While the University of Washington’s coronavirus model — one often cited by the White House — is predicting American deaths will be nearly twice as high as it had previously predicted, and the New York Times reports that the White House’s own internal documents say the death toll could rise to 3,000 deaths every day by June 1, President Donald Trump is telling the American people that it’s time to ease the social distancing protocols.
What could go wrong?
A return to “normal” is impossible and an attempt to return to normal is a crazy proposition given the data we have. But it might make a little bit more sense if we had the disease-fighting basics of a developed, functioning nation in place: Widespread testing and tracking; adequate protective gear for hospital workers and all essential employees; and a health care system that took care of all sick people without pitching them into debt or even bankruptcy.
We should have invested in all of these things months ago, and must do so immediately. At the absolute minimum, the President should not reopen the country until we can adequately test, track and treat patients, and until we can provide enough PPE for all of our front-line workers.
Those aren’t pie-in-the-sky demands; they’re what any functional state would do. But coronavirus has made clear that the United States is no longer a fully functioning country; we are something closer to a failing state.
The Trump coronavirus response started out shockingly and appallingly badly, and has made little improvement over the months of the pandemic. Instead of taking responsibility, Trump offers lies and obfuscation. Instead of a plan, he tweets about his own ratings. Instead of making widespread testing and contagion tracking a reality, he advocated for an unproven preventative treatment, invents a scenario in which warm weather solves the problems he won’t address, and suggests there may be some promise in using disinfectants to treat humans. It would be darkly funny if the consequences were not literally life and death.
One of the few things this administration is putting effort into is politicizing the crisis. The White House has barred top disease expert Dr. Anthony Fauci, a member of his coronavirus task force, from testifying before the Democratically-controlled House in May, while allowing him to testify before the Republican-controlled Senate, saying “the House is a bunch of Trump haters.”
But why, then, is the President using what one would assume is his precious virus-fighting time spreading misinformation at press conferences and posting a variety of self-aggrandizing tweets? Shouldn’t he be at least as busy as Dr. Anthony Fauci?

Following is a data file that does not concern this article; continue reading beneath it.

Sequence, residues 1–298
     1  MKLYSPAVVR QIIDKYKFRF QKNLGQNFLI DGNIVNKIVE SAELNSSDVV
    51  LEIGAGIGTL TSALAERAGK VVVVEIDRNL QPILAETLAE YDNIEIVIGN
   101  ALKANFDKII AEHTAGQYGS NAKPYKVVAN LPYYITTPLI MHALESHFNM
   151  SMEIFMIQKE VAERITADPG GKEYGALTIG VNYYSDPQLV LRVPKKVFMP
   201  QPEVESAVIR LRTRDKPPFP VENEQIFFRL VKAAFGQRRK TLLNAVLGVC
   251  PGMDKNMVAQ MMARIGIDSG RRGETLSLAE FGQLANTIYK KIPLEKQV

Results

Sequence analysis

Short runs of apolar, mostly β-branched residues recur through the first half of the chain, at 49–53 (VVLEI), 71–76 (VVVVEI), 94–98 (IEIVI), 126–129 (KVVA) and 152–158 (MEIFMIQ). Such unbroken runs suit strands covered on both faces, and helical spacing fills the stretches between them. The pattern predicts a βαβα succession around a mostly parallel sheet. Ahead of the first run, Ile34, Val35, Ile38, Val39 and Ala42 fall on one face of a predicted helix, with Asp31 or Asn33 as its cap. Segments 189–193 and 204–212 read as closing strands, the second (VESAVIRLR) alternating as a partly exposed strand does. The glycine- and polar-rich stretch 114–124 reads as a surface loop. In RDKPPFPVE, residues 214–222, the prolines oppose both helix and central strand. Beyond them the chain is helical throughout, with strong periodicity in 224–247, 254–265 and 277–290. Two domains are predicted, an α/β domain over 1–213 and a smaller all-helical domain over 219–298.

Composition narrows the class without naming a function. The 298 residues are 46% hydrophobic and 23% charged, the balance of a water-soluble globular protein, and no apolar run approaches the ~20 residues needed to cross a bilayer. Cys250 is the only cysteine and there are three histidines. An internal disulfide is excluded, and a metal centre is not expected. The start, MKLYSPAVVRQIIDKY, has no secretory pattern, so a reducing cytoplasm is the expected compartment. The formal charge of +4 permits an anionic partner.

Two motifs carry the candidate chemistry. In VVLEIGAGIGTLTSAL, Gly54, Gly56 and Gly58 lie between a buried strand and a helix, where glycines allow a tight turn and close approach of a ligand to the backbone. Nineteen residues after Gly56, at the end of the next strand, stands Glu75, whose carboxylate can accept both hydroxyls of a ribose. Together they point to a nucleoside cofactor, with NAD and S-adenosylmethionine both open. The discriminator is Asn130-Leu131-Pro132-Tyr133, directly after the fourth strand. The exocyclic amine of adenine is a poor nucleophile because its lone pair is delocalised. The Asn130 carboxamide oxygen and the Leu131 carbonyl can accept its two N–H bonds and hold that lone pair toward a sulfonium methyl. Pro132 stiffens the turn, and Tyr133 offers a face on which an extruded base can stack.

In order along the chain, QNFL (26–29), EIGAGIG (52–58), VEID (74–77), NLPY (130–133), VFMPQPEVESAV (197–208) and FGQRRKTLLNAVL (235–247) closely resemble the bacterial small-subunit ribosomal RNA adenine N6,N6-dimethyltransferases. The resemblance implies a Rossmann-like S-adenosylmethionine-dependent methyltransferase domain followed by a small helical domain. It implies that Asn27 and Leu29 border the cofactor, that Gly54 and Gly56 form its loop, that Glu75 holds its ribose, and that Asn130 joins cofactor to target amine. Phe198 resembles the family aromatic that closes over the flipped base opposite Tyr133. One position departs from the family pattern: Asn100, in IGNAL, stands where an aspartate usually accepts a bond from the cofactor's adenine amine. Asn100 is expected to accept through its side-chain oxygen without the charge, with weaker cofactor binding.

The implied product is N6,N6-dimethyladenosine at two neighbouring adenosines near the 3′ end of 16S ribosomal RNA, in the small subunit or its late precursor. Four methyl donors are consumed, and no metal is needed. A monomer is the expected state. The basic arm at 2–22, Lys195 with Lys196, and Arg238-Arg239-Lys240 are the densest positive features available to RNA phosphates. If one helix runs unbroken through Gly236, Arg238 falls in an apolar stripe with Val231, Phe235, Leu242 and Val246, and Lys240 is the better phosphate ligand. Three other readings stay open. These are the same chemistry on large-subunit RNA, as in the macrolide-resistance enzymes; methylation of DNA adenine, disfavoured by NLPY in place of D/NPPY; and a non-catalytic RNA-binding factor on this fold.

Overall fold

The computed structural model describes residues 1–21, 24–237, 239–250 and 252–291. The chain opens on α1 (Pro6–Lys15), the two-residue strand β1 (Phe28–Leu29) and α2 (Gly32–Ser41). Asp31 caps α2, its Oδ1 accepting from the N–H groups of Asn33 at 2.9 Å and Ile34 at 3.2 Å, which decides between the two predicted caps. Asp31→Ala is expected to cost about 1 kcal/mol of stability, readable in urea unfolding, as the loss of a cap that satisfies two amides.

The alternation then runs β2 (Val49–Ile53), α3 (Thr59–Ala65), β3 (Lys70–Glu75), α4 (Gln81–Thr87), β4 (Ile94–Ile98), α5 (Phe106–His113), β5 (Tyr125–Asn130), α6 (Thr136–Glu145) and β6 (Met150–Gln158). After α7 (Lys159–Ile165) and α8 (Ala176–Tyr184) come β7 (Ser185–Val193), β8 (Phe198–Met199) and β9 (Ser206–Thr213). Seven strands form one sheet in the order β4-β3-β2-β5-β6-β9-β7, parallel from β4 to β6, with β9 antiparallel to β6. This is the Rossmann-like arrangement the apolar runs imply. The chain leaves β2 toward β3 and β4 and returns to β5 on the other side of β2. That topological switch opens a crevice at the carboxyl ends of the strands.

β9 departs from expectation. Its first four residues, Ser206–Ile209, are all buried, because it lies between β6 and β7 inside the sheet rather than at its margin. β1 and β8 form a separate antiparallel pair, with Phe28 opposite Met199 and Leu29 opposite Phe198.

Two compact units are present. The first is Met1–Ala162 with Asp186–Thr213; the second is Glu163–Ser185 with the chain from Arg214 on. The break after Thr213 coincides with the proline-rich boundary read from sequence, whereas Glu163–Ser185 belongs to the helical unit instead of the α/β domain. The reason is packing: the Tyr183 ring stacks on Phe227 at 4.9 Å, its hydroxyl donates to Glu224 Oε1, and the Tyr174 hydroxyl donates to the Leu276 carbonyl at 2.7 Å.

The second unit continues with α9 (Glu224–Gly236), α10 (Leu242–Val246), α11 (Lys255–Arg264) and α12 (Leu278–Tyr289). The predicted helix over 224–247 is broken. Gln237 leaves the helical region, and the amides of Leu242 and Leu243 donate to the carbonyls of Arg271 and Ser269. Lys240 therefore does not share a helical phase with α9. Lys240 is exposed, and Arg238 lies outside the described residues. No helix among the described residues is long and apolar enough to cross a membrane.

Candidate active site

It’s hard to imagine the President working all night (or even during the day for more than a few minutes at a time). He has made clear that he cares about the stock market; less clear is whether he cares about Americans living or dying. And some Republican governors, like Brian Kemp of Georgia, have jumped on board, ignoring the advice of prevailing public health officials and reopening non-essential businesses like barber shops and gyms.
As for Congress, Senate Majority Leader Mitch McConnell and House Majority Leader Nancy Pelosi have declined President Trump’s offer of rapid-results coronavirus tests for members of Congress; they rightly said that the tests should go to front-line workers instead. But this raises another question: Why does one of the most prosperous nations in the world still not have enough tests for front-line workers and congresspeople several months into a pandemic? Why must we ration coronavirus tests at all?
McConnell likely isn’t interested in answering that question. Instead, he’s decided to reconvene the Senate this week.
The average senator is nearly 63 years old. About a quarter of the senate is 70 or older. Coronavirus has hit older folks the hardest and spreads when people are in close physical proximity to each other. Gathering a group of old people together in a city where the infection and death rates continue to rise seems, at the very least, extremely unwise. That is presumably why Pelosi decided not to reconvene the House this week, despite it having a slightly younger (although still graying) demographic.
The American people are right to be frustrated and nervous. Tens of millions have lost their jobs.
Millions have seen loved ones sick or dying, or have become ill themselves. Many of us have been in lockdown for a month and a half. We are worried about our family’s lives and our livelihoods. And yet, still, there’s no plan to get a handle on this thing. Though some Americans have received assistance from expanded unemployment benefits and the paycheck protection plan loans given to small businesses, countless others are still not able to get by.
While Trump has, at times, claimed he has “ultimate authority,” his self-contradicting acknowledgement that much of the power to address this crisis lies with each state’s governor is correct. This does not, however, excuse the lack of presidential leadership in creating an informed and unified nation as we face that changes and devastation this virus has caused.
Trump’s preferred style of leadership is capricious, simple-minded and narcissistic, leaving experts to navigate his unpredictability. Those experts — and public health officials the world over — have noted what is needed to fight the pandemic: widespread testing and widespread tracking, as well as personal protective equipment for all who need it. And, yes, careful and enforced social distancing rules.
The United States is not the first or only country to grapple with this outbreak. But we seem to be handling it far worse than some of our peers. The result is a catastrophic economic downturn and body bags piled high. It didn’t have to be this way. But thanks to our feckless, preening leader, there is no plan. There is only a tremendous (and in a fairer world, criminal) dereliction of duty.